National Geographic Asteroid Belt tightening lifes belt page 314 Asteroid National Belt Geographic

National Geographic Asteroid Belt tightening lifes belt page 314 Asteroid National Belt Geographic

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A little interesting about space life.

Moon jellyfish (Aurelia aurita) are from the phylum Cnidaria. This phylum contains over 9,000 aquatic species. There are 10 nearly identical species in the genus Aurelia collectively referred to as moon jellyfish. In fact, they are so close morphologically that it takes DNA testing to distinguish one species from another.

and here is another

How am I so sure of this? Simple. Because I've personally been using the moon to my advantage for more than 20 years, and know how effective it is. Have you ever had one of those epic days fishing where it seemed like no matter what you threw in the water, you caught fish? If you have, it was more than likely due to the fact that the moon was in a certain phase, rather than your skills as an angler (I hate to burst anyone's bubble, but it's true).

and finally

The discovery that the hidden interior of Earth's Moon contains water raises some interesting questions concerning lunar formation. Most planetary scientists think that our Moon was born from the debris left behind after the catastrophic collision of our primordial planet with the tragedy that was Theia. This collision would have occurred very early in our Solar System's history. However, one of the reasons scientists had proposed that the lunar interior should be dry is that it is unlikely that the hydrogen necessary to create water could have survived following the ferocious heat of that ancient impact.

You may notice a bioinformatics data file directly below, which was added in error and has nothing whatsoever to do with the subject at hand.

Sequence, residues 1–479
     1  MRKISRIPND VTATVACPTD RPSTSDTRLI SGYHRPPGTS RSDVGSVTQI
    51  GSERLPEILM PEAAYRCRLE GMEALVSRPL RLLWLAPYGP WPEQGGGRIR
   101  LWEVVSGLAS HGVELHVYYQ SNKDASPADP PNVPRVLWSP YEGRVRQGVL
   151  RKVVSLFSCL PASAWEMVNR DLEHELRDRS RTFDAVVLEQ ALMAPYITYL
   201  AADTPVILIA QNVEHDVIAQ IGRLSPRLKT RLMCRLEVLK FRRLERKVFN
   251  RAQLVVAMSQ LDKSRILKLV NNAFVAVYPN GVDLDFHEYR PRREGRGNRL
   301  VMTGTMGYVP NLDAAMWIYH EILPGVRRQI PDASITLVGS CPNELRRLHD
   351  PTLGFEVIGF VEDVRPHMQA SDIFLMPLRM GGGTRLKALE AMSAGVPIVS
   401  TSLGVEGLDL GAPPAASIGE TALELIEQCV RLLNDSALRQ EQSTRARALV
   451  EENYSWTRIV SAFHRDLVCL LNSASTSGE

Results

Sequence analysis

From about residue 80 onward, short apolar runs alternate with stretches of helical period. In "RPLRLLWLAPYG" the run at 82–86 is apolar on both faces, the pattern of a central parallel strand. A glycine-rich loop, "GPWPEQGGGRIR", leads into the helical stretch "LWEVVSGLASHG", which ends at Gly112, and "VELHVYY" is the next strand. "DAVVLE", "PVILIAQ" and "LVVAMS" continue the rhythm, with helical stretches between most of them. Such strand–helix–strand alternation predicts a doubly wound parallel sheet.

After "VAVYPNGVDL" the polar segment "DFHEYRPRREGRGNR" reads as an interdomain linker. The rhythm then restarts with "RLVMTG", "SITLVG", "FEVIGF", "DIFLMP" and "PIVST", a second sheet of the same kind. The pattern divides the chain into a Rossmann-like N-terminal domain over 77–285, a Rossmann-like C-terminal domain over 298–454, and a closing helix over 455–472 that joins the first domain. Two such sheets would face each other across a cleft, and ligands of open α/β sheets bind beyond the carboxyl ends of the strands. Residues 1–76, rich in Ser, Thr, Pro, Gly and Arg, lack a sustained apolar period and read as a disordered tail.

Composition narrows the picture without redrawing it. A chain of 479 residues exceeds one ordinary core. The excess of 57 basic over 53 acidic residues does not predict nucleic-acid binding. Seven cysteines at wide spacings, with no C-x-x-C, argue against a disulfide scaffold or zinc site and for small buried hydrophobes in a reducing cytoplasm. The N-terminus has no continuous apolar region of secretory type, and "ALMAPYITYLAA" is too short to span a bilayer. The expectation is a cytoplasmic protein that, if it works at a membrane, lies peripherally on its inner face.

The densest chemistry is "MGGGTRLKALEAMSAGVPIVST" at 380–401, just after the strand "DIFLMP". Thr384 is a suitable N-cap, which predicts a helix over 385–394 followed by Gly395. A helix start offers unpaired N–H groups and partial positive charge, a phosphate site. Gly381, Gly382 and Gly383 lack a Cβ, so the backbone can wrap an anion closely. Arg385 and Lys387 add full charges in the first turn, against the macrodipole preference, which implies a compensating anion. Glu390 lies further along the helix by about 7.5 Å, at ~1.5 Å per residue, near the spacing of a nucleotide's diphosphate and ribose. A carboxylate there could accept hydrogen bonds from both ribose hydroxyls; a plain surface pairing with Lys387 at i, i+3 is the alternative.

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In the fourth century BCE, Aristotle recorded that Mars vanished behind Earth's Moon during an occultation. This suggested that the planet was farther away than our Moon. The Greek astronomer, Ptolemy, who lived in Alexandria, attempted to solve the problem of the orbital motion of the Red Planet. Ptolemy's collective works and model on astronomy was presented in his multi-volume collection, titled the Almagest. The Almagest became the authoritative work on Western astronomy for the next 400 years. Ancient Chinese astronomers were also aware of the existence of Mars by no later than the fourth century BCE. In the fifth century CE, the Indian astronomical work titled Surya Siddhanta proposed a measurement of the estimated diameter of Mars. In East Asian cultures, Mars is usually referred to as the "fire star"--based on the Five Elements: fire, wood, metal, water, and earth.

The research published in the July 4, 2016 issue of Nature Geoscience highlights the main factor differentiating moon-birth around Mars and Earth: the differing rotation speeds of the two planets prompted "completely different tidal actions," Dr. Charnoz explained in the July 4, 2016 CNRS Press Release. Dr. Charnoz proposes that at the time of their respective impacts, "Earth took less than four hours to spin on its axis whereas Mars rotated very slowly over a 24-hour period." The result of this important difference caused Earth to hold on to its single, large Moon, while the Martian collision created a dozen smaller moons alongside a larger moon. As time went by, Martian tidal action--resulting from the planet's slow rotation rate--caused most of the moons, including the largest one, to crash back down to the surface of their parent-planet. As a result, only the two most distant moons, Phobos and Deimos, survived as testimony to the ancient catastrophe.

Our Earth basks comfortably in the sunny, warmer, inner regions of our Solar System, and our Moon is the largest one of its kind, in this region, relatively close to our Star. Of the four rocky, terrestrial planets--of which our Earth is a member--Mercury and Venus are moonless, and Mars sports two small, misshapen little rocky moons, Phobos and Deimos, that are likely captured refugees from the main asteroid belt that circles our Sun between the orbits of Mars and Jupiter.